Showing gratitude with notebook gifts
Volunteers are the foundation of NAMI Wake County. The organization has been providing mental health education and training for more than 30 years in Raleigh, N.C. and other locations throughout Wake County. NAMI Wake County relies on volunteers to carry out most of its work. That’s why part of a recent grant was used to give notebook gifts to the dedicated people who make their programs and services possible.
Learning and lived experience
NAMI has been almost entirely run by volunteers since its founding in 1987. Executive Director Annie Schmidt is the only employee. “We have anywhere from 80 to100 people on our active volunteer lists,” she said.
NAMI Wake County, an affiliate of the National Alliance of Mental Illness, provides a wide variety of programming to people with mental illness, their family members and the community at large. “We have support groups that meet 20 times per month, and we offered 11 courses last year,” Schmidt said. “What makes NAMI different with that is that it’s all based on lived experience. We have these communities that are created through our classes and support groups that show people they are not alone, and they can be accepted and find resources to assist with their recovery.”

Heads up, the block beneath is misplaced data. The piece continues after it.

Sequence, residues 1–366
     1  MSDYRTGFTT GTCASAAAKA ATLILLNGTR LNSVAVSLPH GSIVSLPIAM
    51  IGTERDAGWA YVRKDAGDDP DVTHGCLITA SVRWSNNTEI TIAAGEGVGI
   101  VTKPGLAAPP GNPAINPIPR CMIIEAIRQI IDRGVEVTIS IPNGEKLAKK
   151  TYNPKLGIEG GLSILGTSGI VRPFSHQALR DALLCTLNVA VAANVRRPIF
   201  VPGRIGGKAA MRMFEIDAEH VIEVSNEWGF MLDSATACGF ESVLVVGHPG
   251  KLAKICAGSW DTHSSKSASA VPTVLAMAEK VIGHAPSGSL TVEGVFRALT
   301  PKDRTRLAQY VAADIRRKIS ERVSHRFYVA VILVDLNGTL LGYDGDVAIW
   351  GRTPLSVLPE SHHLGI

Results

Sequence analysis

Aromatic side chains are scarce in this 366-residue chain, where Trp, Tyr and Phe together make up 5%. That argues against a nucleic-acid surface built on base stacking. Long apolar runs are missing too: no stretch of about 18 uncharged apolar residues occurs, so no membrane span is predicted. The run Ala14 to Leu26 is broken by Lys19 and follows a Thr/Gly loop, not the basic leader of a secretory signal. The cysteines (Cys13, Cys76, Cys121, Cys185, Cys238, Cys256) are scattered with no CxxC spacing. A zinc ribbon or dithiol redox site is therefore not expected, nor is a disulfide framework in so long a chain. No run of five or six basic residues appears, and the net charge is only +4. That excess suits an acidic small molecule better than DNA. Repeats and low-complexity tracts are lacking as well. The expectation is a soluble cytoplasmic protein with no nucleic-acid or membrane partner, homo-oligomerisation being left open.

The group hopes to offer even more classes this year, along with 75 NAMI In Our Own Voice presentations in which participants tell their personal mental illness stories.
“Sixty percent of people receiving treatment for mental health did not receive treatment last year,” Schmidt said. “A lot of times family members aren’t equipped to help those family members who aren’t receiving treatment. One of the important things with NAMI is that we’re looking to support family members so they can support their family members with mental illness.”
Thanking volunteers with notebook gifts
“We wanted to give them the notebooks both as a thank-you and a way to take notes during training and support,” said Schmidt.
In addition to the notebook gifts, the organization also received a Closed-Back Table Throw, which Schmidt was excited to put into action.
“We always hear NAMI is the best-kept secret and we don’t want to be a secret,” Schmidt said. “We got the table throw so that people can see us and understand that we’re part of a national organization. Helping to make that connection and helping us with branding allows us to look more legitimate as an organization.”
A note from Cheryl:
So many nonprofit organizations like NAMI Wake County rely on volunteers to succeed. We’re happy to have a small part in recognizing volunteers through assistance from our one by one grant program. For more information, visit onebyone.4imprint.com.
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